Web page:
The draft proposal acknowledges that administering a brand new social welfare transfer program will be costly and complicated. The low-income water rate assistance program will need to be advertised, applications processed, incomes and personal data verified, customers enrolled, and so on. Then the benefits themselves would need to be distributed in some way. Participants will need to renew their eligibility periodically, which will require re-verification. Audit procedures will be needed to guard against fraud and abuse, and appeals processes established to provide recourse to those wrongfully denied benefits.

The draft proposal punts on who exactly would do all that administrative work.

Benefit distribution

Rather than arguing for a specific administrative arrangement, it lays out four potential approaches to benefit disbursement:

  1. Water bill credits
  2. Energy bill credits
  3. EBT (Electronic Benefits Transfer) cards
  4. Tax credits

The first option might seem most obvious, but the draft report correctly observes that many benefit-eligible households may not receive water bills directly, because they live in multifamily or rental housing and so pay for water service through their rent. Options #2-4 have the potential to reach more households. Options #3 and #4 most closely approximate the received wisdom of welfare research, which suggests that benefits work best when they are received directly by their beneficiaries.

What about everything else?

But there’s much more to a low-income assistance program than handing out benefits. Conspicuously absent from the draft report is discussion of the many other aspects of administering a new assistance program. Here are some options.

Asking for help ain’t easy. Giving it ain’t, either.

Utility administration. Water systems could administer the program on behalf of the state (several California investor-owned utilities already run assistance programs, for example). Utility organizations are, by and large, unaccustomed to administering social welfare programs. Recently I’ve had the opportunity to study a handful of water utilities that administer low-income assistance programs. I found that, when water utilities get into the low-income assistance game, utility staff become de facto social workers. Water customers who apply for assistance often struggle with multiple health, financial, legal, and perhaps cultural problems. It is impossible not to make a human connection in such cases. Laudably, the utility folks I’ve met who administer water assistance programs work hard to do so humanely and responsibly. But welfare administration is, at best, an uneasy fit for many utility organizations. Moreover, the burden of administering an assistance program would be especially onerous for the very small systems that already suffer disproportionately from high prices and poor water quality.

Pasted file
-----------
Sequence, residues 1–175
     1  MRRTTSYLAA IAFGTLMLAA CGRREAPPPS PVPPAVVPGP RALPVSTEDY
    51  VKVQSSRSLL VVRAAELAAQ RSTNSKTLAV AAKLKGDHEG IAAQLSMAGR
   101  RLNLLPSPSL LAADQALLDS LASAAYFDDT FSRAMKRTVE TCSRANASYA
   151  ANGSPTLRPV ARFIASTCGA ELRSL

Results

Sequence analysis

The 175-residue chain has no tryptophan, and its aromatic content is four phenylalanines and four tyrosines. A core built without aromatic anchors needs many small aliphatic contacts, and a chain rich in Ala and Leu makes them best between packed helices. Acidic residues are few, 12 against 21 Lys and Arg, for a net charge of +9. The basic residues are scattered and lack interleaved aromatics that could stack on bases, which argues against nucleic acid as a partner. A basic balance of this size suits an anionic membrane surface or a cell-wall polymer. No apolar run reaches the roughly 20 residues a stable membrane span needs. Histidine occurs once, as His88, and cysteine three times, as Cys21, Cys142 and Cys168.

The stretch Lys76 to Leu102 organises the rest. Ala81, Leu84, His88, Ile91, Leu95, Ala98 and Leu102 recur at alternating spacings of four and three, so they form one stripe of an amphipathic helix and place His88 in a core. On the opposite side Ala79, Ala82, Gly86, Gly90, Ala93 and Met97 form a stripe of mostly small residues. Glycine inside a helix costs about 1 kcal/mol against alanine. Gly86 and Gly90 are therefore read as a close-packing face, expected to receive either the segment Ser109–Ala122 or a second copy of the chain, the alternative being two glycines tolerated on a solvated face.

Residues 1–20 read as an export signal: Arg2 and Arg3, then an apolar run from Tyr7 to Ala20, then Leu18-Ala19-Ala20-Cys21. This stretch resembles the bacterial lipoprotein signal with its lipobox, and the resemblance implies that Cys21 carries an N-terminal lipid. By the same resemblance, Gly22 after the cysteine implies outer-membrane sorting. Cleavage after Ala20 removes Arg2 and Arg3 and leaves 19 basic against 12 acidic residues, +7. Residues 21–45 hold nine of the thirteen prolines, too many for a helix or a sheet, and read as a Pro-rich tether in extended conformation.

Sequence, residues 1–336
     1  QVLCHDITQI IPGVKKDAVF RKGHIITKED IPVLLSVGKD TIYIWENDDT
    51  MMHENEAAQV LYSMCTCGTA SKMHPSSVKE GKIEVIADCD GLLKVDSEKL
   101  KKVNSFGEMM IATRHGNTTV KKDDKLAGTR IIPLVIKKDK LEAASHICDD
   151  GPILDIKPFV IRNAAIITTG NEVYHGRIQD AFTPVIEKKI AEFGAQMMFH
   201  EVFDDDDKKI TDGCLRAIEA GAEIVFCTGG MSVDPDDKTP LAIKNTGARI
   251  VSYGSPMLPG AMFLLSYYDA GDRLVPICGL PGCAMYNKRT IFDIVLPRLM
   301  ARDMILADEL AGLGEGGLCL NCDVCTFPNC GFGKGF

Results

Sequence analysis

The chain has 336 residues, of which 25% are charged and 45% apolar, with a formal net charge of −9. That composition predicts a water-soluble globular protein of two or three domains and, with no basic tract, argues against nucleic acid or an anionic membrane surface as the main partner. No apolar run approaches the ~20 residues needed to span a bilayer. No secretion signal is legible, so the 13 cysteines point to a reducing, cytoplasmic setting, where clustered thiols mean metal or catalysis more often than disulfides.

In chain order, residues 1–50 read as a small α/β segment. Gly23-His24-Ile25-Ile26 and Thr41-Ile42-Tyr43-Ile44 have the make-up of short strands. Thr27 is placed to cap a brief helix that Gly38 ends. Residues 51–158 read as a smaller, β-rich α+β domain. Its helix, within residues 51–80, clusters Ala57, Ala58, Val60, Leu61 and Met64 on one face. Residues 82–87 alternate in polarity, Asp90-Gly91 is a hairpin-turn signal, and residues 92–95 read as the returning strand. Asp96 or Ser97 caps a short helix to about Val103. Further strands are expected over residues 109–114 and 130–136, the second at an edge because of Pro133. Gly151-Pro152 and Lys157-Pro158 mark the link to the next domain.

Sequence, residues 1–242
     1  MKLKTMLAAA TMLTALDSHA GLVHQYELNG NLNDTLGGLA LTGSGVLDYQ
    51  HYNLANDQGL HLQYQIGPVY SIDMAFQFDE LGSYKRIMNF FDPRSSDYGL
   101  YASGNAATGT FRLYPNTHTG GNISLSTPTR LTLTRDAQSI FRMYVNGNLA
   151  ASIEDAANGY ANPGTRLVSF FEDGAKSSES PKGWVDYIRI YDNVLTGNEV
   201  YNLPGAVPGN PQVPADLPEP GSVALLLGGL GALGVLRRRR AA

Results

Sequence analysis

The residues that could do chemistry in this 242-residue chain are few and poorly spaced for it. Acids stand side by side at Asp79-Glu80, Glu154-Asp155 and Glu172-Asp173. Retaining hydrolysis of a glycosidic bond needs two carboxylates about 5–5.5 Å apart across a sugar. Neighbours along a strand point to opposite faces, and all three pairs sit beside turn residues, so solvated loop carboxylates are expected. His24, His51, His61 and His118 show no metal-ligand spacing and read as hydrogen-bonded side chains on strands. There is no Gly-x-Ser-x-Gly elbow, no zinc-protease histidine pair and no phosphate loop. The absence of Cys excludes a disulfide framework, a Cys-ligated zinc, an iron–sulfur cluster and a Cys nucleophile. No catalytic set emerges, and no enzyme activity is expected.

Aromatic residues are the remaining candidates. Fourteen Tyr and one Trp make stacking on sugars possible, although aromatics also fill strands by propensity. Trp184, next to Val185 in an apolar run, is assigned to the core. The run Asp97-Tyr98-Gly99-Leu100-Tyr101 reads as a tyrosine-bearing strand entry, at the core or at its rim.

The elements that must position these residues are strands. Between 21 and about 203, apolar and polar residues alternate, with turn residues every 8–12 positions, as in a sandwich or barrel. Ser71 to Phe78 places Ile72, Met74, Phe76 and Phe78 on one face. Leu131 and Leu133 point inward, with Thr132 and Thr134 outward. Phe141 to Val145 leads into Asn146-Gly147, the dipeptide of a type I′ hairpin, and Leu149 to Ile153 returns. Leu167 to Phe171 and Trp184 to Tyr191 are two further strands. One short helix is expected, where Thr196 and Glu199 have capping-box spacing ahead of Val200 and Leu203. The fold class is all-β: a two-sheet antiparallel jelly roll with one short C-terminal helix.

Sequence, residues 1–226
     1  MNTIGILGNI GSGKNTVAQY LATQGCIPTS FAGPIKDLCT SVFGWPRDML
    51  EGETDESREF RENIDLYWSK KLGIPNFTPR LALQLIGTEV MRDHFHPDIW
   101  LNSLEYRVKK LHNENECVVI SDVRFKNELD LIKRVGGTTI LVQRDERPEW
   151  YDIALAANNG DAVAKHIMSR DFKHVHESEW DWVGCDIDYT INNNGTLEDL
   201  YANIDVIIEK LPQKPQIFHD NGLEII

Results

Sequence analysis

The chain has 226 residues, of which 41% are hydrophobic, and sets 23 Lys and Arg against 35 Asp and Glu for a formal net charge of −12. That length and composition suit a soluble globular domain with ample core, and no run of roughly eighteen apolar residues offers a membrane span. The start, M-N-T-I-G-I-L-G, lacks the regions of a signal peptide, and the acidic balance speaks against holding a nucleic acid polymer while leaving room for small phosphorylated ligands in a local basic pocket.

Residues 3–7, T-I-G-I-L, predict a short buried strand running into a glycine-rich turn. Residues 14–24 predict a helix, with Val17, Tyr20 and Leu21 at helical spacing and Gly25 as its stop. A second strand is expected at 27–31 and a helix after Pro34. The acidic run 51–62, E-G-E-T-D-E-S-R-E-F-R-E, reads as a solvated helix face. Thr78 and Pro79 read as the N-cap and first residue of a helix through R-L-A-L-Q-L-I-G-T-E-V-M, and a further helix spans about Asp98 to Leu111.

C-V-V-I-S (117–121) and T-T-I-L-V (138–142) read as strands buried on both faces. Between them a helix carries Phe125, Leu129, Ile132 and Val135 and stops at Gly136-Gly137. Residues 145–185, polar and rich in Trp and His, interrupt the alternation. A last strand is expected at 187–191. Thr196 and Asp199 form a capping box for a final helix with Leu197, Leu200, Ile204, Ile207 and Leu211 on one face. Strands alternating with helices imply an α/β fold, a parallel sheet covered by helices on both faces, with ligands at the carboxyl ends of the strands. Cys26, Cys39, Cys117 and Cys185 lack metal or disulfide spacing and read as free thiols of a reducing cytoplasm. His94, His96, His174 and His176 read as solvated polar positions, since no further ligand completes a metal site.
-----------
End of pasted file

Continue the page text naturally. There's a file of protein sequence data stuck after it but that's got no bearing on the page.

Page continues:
State administration. The California Water Board (or some new agency) could create a new organization to administer the program. This sort of centralized administration could provide economies of scale and help ensure uniformity and fairness across the state. On the other hand, state administration would involve significant new investments in staffing and other administrative infrastructure, all of which would be subject to the vagaries of state politics.

Nonprofit administration. Water bill assistance could be administered through community-based nonprofit community service organizations like the Salvation Army or St Vincent DePaul Society. In addition to providing direct charitable aid, such organizations often are conduits for government assistance programs like LIHEAP. Many of these nonprofit organizations employ sizable, multilingual staffs that include social workers, nutritionists, lawyers, and other professionals who help low-income individuals and families navigate the often confusing and sometimes humiliating process of applying for benefits. These organizations’ expertise, flexibility, and familiarity with target populations offer perhaps the most promising avenue for administration.

The recipient’s administrative burden

Also missing from the California Water Board’s draft proposal—and most of the broader discussion of low-income water bill assistance—is consideration of the administrative burdens that water customers would have to bear in order to receive benefits. Learning about the assistance program, applying, demonstrating eligibility, ensuring receipt, and reapplying are time-consuming and sometimes humiliating processes. These costs may be especially significant for people with low literacy or limited English proficiency. Potentially eligible people may forego benefits if the application process is too burdensome, if they perceive a social stigma associated with public assistance, or if they do not trust government.

Taken together, administrative costs—to the state, to utilities, and to low-income households—are a big part of why I’ve argued that rate structures, not assistance programs, offer the most promising path to water affordability. Low fixed rates and low prices for essential water use make water affordable for everyone. Unlike assistance programs, affordability through rate design doesn’t create new administrative costs, and doesn’t make customers endure intrusive and burdensome application processes. As policymakers grapple with water affordability in California and beyond, they should consider ways to help encourage utilities to price water more affordably alongside bill assistance efforts.